Suggested: Diamox, Azithromyacin, Ciprofloxacin, Tinidazole or Flagyl & Augmentin. Bring COMPEED for covering blisters & good tasting electrolytes &/or rehydration salts (Emergen-C is a good American brand). The local versions aren’t very appealing.
We also recommend bringing strong knee & ankle supports & braces, ACE bandages for sprains & strains, Tegaderm &/or other would coverings. Duct tape is always useful. We're happy to take excess medical supplies off your hands when you leave if you won't need them and pass them on to others. We use lots of the large amount we have with us to treat locals as well as our own trekkers ...

NOTE: We have a 'dress code' for the evenings in the tent, which essentially means you'll be changing out of your trekking clothes and into clean, dry evening clothes!

Comments on Gear
Layers are essential for trekking. Quality is more important than quantity. It’s worth investing in the great, newer lightweight trekking gear available in all gear shops, online or in Kathmandu.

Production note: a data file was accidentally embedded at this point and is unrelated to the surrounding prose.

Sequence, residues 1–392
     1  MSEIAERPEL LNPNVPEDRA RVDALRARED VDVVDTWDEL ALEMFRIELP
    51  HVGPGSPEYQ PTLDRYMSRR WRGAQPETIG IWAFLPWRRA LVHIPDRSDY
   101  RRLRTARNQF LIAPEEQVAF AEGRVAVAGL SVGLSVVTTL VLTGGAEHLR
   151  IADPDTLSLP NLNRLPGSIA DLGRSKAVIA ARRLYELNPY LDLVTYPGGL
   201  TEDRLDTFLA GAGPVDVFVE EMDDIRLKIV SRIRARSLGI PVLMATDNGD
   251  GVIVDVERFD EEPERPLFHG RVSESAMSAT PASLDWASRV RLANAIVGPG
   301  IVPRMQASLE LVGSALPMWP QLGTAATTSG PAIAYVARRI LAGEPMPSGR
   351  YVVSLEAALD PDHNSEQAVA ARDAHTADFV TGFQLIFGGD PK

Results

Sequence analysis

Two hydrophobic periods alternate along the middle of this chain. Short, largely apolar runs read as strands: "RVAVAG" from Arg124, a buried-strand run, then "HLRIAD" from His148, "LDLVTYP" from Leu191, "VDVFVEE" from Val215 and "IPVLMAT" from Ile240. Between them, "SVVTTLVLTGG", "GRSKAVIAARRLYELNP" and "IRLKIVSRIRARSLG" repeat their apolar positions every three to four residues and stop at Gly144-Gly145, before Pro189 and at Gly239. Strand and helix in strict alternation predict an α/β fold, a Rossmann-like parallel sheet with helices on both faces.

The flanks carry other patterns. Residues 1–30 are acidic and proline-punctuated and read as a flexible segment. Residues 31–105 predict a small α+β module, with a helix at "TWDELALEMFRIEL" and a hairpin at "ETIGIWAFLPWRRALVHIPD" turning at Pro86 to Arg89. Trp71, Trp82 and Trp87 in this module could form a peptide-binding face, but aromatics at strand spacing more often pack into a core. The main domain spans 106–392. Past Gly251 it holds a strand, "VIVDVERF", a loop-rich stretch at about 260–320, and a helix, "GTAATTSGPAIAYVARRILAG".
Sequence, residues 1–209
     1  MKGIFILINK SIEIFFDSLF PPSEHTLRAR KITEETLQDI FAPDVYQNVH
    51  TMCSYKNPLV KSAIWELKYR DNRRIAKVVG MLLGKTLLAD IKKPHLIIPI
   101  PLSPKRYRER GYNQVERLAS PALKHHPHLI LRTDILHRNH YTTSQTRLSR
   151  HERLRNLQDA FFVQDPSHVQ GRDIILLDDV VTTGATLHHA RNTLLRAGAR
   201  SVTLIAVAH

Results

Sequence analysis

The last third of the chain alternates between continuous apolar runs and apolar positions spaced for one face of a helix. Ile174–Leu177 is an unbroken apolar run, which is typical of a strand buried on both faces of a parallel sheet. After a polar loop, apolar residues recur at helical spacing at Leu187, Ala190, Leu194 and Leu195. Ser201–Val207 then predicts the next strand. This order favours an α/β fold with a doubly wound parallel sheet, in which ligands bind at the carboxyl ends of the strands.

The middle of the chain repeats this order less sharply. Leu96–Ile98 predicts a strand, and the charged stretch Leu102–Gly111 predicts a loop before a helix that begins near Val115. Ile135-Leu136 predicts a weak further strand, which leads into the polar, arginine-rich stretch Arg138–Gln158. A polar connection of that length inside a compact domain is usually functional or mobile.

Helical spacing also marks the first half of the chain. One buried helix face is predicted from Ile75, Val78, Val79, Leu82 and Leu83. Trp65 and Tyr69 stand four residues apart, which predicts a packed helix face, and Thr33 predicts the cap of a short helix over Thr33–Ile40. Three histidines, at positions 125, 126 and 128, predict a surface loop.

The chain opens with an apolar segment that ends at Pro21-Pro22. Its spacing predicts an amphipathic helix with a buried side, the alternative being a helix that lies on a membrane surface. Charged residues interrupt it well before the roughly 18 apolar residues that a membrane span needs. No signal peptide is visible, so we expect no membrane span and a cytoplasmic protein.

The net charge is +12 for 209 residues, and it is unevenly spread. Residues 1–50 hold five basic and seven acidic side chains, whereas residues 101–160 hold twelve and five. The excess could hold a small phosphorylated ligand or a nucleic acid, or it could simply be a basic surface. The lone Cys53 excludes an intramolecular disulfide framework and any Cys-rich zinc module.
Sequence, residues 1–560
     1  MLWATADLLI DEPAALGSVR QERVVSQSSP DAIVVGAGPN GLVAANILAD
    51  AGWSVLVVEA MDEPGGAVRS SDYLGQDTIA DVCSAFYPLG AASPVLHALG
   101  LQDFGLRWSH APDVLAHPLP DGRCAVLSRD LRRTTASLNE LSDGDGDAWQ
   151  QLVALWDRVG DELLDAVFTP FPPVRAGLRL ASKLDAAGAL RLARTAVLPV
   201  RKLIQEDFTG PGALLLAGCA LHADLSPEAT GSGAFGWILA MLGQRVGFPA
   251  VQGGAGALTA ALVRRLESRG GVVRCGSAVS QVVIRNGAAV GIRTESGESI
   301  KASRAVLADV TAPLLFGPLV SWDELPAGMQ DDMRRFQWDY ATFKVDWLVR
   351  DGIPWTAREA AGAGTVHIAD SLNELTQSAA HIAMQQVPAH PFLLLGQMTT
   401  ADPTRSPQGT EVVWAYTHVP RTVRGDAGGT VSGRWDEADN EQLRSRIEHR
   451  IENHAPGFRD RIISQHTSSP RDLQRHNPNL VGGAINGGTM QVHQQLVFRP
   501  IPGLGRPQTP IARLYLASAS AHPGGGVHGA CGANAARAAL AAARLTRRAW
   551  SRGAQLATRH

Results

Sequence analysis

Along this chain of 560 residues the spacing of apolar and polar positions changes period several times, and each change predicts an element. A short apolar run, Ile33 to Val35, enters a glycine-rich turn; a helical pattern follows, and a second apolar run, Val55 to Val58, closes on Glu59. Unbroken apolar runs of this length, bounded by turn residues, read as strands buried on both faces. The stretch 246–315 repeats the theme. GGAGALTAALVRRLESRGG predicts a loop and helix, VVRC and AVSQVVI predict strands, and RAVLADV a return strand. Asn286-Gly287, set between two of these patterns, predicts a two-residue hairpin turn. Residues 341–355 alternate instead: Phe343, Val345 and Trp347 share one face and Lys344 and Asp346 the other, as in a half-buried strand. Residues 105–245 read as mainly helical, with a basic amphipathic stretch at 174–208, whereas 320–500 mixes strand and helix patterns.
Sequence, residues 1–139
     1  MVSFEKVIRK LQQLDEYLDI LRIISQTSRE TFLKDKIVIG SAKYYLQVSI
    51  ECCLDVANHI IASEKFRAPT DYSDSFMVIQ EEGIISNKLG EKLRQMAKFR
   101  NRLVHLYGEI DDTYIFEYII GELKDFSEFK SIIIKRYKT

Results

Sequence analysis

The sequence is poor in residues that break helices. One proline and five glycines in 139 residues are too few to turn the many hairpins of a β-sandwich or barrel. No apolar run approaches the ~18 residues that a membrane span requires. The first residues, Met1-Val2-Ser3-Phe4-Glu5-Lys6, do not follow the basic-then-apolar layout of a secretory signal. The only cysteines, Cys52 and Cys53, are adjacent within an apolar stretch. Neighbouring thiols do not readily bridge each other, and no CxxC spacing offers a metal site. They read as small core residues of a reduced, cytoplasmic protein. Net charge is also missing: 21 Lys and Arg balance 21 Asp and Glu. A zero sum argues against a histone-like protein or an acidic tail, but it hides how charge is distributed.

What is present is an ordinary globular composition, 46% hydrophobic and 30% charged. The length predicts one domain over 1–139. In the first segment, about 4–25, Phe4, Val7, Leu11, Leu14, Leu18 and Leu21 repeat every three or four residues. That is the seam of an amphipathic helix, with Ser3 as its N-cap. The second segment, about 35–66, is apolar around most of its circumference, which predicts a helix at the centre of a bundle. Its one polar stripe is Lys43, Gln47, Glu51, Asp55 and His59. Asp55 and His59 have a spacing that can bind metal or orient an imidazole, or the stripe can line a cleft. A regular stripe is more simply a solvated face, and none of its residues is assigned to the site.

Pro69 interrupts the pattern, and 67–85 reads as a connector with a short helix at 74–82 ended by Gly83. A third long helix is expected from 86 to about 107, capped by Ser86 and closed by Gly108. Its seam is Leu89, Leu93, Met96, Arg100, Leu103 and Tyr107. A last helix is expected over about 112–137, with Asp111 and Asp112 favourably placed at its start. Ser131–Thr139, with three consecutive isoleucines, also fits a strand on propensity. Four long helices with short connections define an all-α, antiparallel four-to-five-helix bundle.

Kim's Gear Suggestions: I generally wear a trekking t-shirt, light trekking pants, a mid-weight shirt, a lightweight synthetic jacket (instead of a fleece), a lightweight jacket and pants for wind and rain. If the weather looks stormy or it’s a pass day I carry a lightweight down jacket and a storm-weight jacket. I always have a pair of lightweight gloves (heavier ones additionally for pass days), a hat, a baseball cap and an extra pair of socks in my day-pack. I generally trek in low Merrill hiking shoes, and Keen boots on very cold days and over passes. I always carry Crocs with me in case of river crossings, or to air my feet at lunch. I carry a 38 L (although it looks larger) Black Diamond day pack although I also love Osprey packs. On pass days I carry Yak Trax and trekking poles, and I always have an extra pair of sunglasses, electrolytes, my camera, a medical kit, a Steripen, snacks and lots of water in my pack. My favorite gear brands available in Kathmandu are Sherpa Gear, Mountain Hardwear and Marmot. I wear lots of Patagonia gear although it's not available in Kathmandu.